Pharmacists working in community pharmacies mainly perform drug dispensing and clinical pharmacy services (as described above). They also manage patients’ drug administration history, including information about adverse effects. The medical remuneration points system was revised in 2016 and now includes newly established personal pharmacist guidance fees.28
The provision, by specialized pharmacists, of centralized drug management services for patients helps to prevent overprescription, duplication, and low patient adherence, thus contributing to drug safety, efficiency, and optimal medical expenses. It is also possible for patients to choose their own reliable pharmacists, called “primary care pharmacists”, who integrate and manage drug information and give appropriate advice and suggestions, if needed, at any time (24 h/day), even if the pharmacy is closed.
The primary care pharmacists also work with the prescribing doctor, monitoring both drug administration and changes in the patient’s health status, and consulting with the physician if needed. In addition, pharmacists visit patients’ homes to manage drugs as required. As the elderly population increases, pharmacists in community pharmacies will participate more in patients’ home care, visiting them in their personal residences or senior care facilities. In either case, pharmacists will dispense medications and offer guidance in drug administration after a drug has been prescribed by a physician. In the home setting, it is important for pharmacists to support patients’ mental and physical activities, as well as the families who take care of patients.
The use of electronic medical record systems is on the rise in Japan, particularly in hospitals with large numbers of beds (Appendix 14). The overall rate of electronic medical record use among hospitals was 34.2% in 2016. In larger hospitals (those with 400 or more beds [550 facilities]), the rate was as high as 77.5%. In medium-size hospitals (those with 200–400 beds [682 facilities]) the rate has been as low as 50.9%. In small hospitals (those with fewer than 200 beds [1310 facilities]), the rate has been 24.4%, and in general clinics (35 178 facilities), the rate has been 35.0%. The use of electronic medical record systems is expected to increase further among smaller hospitals and clinics (Appendix 15).29,30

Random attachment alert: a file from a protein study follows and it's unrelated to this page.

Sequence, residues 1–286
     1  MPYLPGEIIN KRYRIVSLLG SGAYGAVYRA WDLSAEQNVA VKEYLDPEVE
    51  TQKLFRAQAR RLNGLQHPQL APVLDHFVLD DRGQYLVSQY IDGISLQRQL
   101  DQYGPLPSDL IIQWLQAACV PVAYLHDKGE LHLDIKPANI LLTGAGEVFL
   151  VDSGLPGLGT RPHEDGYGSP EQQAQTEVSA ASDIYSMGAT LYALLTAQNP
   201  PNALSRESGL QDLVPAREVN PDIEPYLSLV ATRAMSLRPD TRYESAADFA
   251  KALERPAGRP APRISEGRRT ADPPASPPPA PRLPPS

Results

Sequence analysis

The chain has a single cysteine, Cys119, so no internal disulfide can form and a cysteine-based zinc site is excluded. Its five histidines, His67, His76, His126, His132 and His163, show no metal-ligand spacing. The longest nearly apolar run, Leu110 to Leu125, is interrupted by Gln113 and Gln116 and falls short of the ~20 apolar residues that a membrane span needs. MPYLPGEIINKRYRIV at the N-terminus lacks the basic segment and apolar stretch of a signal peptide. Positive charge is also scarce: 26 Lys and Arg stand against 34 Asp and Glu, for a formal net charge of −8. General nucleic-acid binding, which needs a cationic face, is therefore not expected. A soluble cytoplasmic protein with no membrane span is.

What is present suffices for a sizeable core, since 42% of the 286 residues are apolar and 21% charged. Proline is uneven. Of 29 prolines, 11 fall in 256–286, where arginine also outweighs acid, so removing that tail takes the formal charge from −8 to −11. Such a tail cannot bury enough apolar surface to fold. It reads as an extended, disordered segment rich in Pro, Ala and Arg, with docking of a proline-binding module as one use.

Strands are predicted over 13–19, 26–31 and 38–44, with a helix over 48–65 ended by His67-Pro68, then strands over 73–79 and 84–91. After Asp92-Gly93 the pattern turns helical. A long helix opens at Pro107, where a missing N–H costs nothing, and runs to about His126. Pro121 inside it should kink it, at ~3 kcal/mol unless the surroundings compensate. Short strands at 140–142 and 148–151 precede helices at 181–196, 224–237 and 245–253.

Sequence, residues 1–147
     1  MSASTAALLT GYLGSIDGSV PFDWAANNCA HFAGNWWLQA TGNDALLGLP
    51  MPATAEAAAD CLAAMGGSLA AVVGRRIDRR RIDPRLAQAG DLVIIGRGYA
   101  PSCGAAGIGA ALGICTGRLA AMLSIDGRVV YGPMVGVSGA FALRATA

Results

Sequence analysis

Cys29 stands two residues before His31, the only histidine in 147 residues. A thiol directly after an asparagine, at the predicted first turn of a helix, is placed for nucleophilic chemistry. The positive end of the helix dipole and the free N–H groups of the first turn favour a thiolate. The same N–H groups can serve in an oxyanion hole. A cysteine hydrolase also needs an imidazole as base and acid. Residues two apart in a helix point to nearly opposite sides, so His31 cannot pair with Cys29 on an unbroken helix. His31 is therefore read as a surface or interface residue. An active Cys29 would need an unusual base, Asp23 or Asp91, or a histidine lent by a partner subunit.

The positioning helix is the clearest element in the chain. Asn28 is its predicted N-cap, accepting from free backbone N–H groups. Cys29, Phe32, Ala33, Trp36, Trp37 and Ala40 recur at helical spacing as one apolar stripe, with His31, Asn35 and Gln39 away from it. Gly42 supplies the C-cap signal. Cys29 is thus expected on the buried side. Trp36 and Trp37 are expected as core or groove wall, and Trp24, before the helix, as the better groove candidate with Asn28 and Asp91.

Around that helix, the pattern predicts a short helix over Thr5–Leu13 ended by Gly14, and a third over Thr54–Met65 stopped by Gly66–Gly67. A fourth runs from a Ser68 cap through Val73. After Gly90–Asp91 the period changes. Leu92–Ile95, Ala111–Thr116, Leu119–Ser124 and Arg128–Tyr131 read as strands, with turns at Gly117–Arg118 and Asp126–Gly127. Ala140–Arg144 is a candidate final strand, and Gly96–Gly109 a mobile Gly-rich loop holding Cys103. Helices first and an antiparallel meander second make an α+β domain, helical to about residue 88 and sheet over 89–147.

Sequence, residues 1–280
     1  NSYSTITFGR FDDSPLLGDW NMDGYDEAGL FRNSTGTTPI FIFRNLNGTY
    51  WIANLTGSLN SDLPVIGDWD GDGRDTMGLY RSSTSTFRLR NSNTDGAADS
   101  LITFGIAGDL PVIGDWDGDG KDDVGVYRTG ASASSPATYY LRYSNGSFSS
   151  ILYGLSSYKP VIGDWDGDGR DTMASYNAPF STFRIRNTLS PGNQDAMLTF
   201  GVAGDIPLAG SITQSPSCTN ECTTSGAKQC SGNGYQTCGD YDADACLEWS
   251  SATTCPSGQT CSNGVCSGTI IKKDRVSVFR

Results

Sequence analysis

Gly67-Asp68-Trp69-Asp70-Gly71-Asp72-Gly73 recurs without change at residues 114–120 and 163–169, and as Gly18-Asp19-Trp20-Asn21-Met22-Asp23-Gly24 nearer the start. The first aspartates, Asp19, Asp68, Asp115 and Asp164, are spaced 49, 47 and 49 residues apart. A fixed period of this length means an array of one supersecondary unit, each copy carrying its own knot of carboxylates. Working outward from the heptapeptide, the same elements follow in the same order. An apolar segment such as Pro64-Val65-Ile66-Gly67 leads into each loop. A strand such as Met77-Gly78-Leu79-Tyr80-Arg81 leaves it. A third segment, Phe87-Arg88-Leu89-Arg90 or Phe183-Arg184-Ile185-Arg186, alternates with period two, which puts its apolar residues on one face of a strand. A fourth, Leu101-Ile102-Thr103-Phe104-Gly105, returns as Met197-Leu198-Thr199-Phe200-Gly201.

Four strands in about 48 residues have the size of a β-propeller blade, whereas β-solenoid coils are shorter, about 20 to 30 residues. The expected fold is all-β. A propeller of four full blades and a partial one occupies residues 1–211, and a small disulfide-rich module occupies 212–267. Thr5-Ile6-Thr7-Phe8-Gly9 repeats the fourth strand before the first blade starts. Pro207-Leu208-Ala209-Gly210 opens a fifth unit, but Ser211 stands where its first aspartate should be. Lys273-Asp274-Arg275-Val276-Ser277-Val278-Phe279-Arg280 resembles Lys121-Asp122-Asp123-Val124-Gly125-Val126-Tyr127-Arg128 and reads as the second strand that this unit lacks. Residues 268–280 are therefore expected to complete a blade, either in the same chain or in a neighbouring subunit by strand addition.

To improve communication and interactions with local health care providers, community care systems, and home care health systems, increased use of electronic medical record systems is expected in the future. To create a society where patients can access high-quality medical care in comfortable and familiar regional settings near their hometowns, it is critical that local medical institutions be able to share patients’ medical information without hindrance.
By building networks that utilize information and communications technology, the Ministry of Health, Labour, and Welfare is facilitating effective information-sharing and is allowing local medical facilities to provide high-quality care. In particular, the ministry is putting in place guidelines for the safe management of medical information and is promoting medical data standardization to make information-sharing among facilities more seamless. It may become possible for community pharmacies to link their patients’ records to hospital medical records in the near future.
The classification of investigations for approval of drugs and other products is shown in Appendix 16.3
Determination of the quality, efficacy, and safety of new drugs requires an especially careful review. This review is conducted by a government advisory council composed of experts in medical, pharmaceutical, veterinary, and statistical sciences whose deliberations are based on data from basic and clinical studies. Good laboratory practices for the implementation of animal testing (to determine the toxicity of medications), among other nonclinical tests, and good clinical practices for the implementation of clinical tests are set forth by ministerial ordinances and are regulated to ensure appropriate testing (Appendix 17).
The Japanese Pharmacopoeia regulates the properties and quality of drugs. It is published by the Minister of Health, Labour and Welfare after hearing the opinion of the expert advisory council. Items selected for inclusion must be important to health care, according to need for the drug in medical practice, wide application, and experience of use. Since it was first published in June 1886, the Japanese Pharmacopoeia has been revised many times, with the latest (17th) edition coming into effect on April 1, 2016, with a total of 1962 drug entries.31